Additional aspects of the Sauter et. al (2010) experiment

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Chapter 3 endnote 16, from How Emotions are Made: The Secret Life of the Brain by Lisa Feldman Barrett.
Some context is:

In late 2014, Sauter and her colleagues inadvertently solved the mystery. They revealed that their experiment included an extra step not reported in their original publication: a step that’s rich in conceptual knowledge. After the Himba participants heard an emotion story but before they listened to any sound pairs, they were asked to describe how the target person in the story was feeling.

Sauter et. al have called this extra step a “manipulation check” to make sure that subjects understood the experimental task. My lab did not include this step because it was not reported in Sauter and her colleagues’ original paper. We did have other manipulation checks in place to ensure that our subjects understood how to do the task and what was being asked of them.


Chapter 3 endnote 17, from How Emotions are Made: The Secret Life of the Brain by Lisa Feldman Barrett.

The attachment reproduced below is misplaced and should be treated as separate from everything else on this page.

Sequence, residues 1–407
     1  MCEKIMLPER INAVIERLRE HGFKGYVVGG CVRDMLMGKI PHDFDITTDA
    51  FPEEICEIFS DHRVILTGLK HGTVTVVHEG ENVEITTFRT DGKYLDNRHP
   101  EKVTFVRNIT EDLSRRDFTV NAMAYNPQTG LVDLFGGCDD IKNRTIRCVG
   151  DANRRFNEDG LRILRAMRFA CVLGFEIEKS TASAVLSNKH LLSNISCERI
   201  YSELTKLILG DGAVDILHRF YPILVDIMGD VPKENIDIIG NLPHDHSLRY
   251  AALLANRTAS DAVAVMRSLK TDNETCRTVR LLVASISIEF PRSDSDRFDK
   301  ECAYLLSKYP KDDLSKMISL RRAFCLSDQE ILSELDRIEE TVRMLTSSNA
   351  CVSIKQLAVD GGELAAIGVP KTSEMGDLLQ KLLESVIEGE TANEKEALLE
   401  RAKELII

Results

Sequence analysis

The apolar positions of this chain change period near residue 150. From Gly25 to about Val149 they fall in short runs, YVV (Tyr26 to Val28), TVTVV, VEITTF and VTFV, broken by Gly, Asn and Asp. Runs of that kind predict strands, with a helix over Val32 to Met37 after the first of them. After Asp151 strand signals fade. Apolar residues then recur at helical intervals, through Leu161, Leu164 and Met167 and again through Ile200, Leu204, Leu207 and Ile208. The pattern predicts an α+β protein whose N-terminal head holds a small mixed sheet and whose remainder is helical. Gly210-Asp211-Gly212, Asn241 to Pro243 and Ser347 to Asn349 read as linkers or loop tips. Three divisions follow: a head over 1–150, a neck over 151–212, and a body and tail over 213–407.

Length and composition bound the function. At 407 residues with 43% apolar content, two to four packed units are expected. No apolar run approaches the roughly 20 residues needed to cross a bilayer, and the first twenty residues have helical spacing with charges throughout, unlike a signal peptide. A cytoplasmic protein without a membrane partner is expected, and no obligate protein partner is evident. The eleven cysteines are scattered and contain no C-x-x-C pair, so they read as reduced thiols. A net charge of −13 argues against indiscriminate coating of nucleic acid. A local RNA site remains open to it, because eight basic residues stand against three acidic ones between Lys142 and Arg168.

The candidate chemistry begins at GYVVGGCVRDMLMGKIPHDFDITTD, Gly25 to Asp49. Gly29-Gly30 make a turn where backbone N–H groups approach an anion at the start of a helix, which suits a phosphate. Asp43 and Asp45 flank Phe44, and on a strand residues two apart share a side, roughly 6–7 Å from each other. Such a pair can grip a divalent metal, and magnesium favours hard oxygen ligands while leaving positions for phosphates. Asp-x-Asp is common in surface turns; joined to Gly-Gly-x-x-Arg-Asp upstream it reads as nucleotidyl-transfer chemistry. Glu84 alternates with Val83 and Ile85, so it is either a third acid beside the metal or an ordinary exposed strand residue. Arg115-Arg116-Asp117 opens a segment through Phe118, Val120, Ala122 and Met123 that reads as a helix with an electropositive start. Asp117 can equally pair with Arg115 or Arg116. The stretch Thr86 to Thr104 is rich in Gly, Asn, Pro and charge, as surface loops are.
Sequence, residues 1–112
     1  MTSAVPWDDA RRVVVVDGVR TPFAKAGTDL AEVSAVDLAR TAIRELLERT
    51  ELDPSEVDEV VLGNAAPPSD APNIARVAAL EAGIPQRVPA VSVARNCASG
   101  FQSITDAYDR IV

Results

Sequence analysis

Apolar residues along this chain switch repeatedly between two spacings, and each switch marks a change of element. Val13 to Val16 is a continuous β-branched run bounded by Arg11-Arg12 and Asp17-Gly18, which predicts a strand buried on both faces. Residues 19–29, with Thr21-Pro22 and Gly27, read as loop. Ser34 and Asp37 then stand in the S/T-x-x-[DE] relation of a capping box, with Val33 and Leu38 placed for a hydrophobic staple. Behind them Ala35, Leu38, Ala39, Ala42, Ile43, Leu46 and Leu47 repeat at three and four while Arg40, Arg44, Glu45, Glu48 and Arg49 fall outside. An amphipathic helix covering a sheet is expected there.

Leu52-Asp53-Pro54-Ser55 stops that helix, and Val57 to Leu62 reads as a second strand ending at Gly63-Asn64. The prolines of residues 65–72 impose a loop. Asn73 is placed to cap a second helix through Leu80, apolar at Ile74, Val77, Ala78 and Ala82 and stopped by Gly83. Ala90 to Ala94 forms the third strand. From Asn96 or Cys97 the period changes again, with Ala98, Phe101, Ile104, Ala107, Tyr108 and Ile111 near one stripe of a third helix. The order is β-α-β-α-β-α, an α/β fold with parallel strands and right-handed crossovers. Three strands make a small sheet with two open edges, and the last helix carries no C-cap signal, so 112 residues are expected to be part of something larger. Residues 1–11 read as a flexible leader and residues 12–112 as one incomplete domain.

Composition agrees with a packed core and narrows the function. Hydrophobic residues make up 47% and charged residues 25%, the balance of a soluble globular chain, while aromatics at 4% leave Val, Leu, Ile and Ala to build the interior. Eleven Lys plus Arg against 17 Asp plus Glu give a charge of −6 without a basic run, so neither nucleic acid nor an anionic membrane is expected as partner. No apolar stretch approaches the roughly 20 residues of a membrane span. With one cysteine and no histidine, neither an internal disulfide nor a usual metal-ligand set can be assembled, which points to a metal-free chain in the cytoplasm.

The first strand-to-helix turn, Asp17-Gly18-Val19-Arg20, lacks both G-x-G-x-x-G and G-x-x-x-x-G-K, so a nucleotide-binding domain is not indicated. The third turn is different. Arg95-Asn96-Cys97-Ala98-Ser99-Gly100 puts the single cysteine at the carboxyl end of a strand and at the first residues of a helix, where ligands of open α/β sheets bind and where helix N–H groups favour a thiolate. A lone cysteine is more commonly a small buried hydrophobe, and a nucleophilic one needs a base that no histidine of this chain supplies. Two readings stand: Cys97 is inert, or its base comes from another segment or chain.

Some context is:

There was one other difference between our experimental method and the one used by Sauter and her colleagues. Once a Himba participant had explained the emotion concept satisfactorily ​— ​let’s say it was sadness ​— ​Sauter’s team played a pair of sounds, such as a cry and a laugh, and the subject chose the better match for sadness.

We recently conducted a study with the Hadza hunter-gatherers of Tanzania that shows the potency of the basic emotion method for producing evidence of universal emotions. In short, we reran Sauter's study with six other emotion concepts that the Hadza definitely didn't know, using vocalizations that we made up ourselves. As we expected, the results were a false positive — our obscure emotion concepts and their fabricated vocalizations appeared to be universal, when of course they were not.

To prepare this study, we chose six emotion concepts from a variety of cultures across the globe that have been deemed untranslatable into the English language. We verified that each emotion concept did not exist in Hadza hunter-gatherers of Tanzania. Then we wrote a brief story to depict each concept, invented their vocalizations, and had U.S. test subjects choose the vocal cues that best depicted each concept. We then plopped the stories and vocalizations into the basic emotion method with Sauter's "manipulation check" and blocked trial procedure. Our Hadza test subjects chose the "correct" vocalization for five of the six emotion concepts. That is, five of our untranslatable emotion concepts looked universal when tested using this souped-up version of the basic emotion method.